The main photo-opportunities of his visit came from the Amethi frolic, which should have been cancelled by a regime with self-respect. But this was perhaps the raison d’etre of his trip – to endorse Mr. Rahul Gandhi as a leader desired by the West; to legitimize Rahul’s belief that only foreign doles can provide succour to rural India (recall the since-denied Tehelka interview); and to push conversions in northern India by looking for chinks in its social armour (hence the visit to a poor scheduled caste woman). 

Now, with a new regime in Washington, the UPA has reached a decisive crossroads. Will it subordinate India’s national security and sovereignty to Washington’s geo-political agenda for Pakistan, Afghanistan and Iran, or will it enunciate a clear-cut national policy to counter the growing jihadi menace on both borders? It is pertinent that Sheikh Hasina’s pledge to ensure that jihadi camps in Bangladesh do not target India triggered fresh serial blasts in Assam hours before Home Minister P. Chidambaram landed in Guwahati on 1 January 2009.

Matters are getting complex, even for America. On the one hand, Washington desires a quiescent Pakistan, but the growing power of Taliban and al-Qaeda in Afghanistan has made the entire region turbulent. The corporates that dominate American public life want regional stability in order to access the oil reserves of the Central Asian Republics, which they hope will off-set the depleting Saudi reserves and the now out-of-reach Iraqi oilfields. Only a peaceful Karachi can ensure sure access to this oil; hence the constant, albeit reluctant, flow of Western financial and military aid to Pakistan.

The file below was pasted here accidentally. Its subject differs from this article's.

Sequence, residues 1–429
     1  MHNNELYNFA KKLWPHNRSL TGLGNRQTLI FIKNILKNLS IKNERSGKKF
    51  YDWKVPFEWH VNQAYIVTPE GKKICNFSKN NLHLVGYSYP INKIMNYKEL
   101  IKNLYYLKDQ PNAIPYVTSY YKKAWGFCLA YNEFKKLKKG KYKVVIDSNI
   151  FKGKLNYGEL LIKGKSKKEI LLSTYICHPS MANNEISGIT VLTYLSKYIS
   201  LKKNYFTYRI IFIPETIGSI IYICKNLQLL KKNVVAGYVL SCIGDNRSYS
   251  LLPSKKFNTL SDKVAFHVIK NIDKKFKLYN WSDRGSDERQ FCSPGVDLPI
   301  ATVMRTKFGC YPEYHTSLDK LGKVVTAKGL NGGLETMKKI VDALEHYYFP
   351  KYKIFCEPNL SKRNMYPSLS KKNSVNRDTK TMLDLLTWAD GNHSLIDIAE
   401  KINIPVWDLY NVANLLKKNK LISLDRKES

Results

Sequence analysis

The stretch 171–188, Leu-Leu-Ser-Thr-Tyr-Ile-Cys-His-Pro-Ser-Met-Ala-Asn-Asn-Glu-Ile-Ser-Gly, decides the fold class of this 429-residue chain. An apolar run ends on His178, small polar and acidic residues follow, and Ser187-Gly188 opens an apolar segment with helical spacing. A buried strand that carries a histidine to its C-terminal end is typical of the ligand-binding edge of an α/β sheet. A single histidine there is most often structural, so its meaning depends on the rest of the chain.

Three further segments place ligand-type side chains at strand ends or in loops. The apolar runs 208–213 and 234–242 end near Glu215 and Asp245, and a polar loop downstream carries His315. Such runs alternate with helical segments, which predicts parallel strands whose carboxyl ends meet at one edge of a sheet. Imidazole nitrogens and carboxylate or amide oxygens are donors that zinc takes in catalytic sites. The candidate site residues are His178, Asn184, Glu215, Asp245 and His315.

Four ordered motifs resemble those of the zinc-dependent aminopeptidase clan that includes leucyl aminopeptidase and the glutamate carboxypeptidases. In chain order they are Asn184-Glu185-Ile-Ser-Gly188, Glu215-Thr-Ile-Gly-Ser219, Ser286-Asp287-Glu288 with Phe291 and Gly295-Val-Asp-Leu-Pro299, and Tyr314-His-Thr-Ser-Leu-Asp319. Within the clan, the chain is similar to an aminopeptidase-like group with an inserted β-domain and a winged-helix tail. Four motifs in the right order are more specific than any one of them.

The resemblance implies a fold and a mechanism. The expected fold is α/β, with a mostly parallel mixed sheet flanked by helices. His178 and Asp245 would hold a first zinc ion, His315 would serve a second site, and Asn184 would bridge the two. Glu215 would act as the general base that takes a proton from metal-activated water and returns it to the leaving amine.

But the turbulent Afghan-Pak border region forced President Bush to authorize ground raids in Pakistani territory against the jihadis, and this has complicated matters for both Washington and Islamabad. Both the Pakistani government and jihadis believe that Washington also wants to somehow seize control of the nation’s nuclear arsenal, and this suspicion has caused a trust deficit on all sides. Pakistan continues its two-faced policy of supporting Taliban in Afghanistan, while resisting its attempts to control Islamabad. Then there is a restive Tel Aviv that wants action against Iran. 

In this scenario, New Delhi has to take a call on whether to let Mumbai 2008 pass without a riposte, or whether to launch a military action with specific military objectives, against Pakistan. Political observers hint that New Delhi is keeping the military option ‘warm’ so that a show-piece engagement can coincide with the announcement of general elections; with the BJP leadership US-compliant, this could give victory to the ruling coalition. A comfortable majority could even result in the imposition of Mr. Rahul Gandhi as PM. Peace would then be restored by responding to UN calls for ceasefire! 

This is a shameful, though plausible, game-plan. A military engagement without the clear objective of destroying each jihadi camp in Occupied Kashmir, and physically re-taking PoK in deference to the Partition plan of 1947, is a charade and a mockery of the people of India. The Indian armed forces should refuse to be party to such cynicism. 

Another scenario suggests Mr. Obama may like to split and occupy part of Pakistan, with New Delhi’s acquiescence, to act against Teheran. This will catapult New Delhi to a non-NATO ally and frontline state in the war on terror, a euphemism for a Western stooge regime. Dr. Manmohan Singh will have to take this call; so will Mr. Advani.

The author is Editor,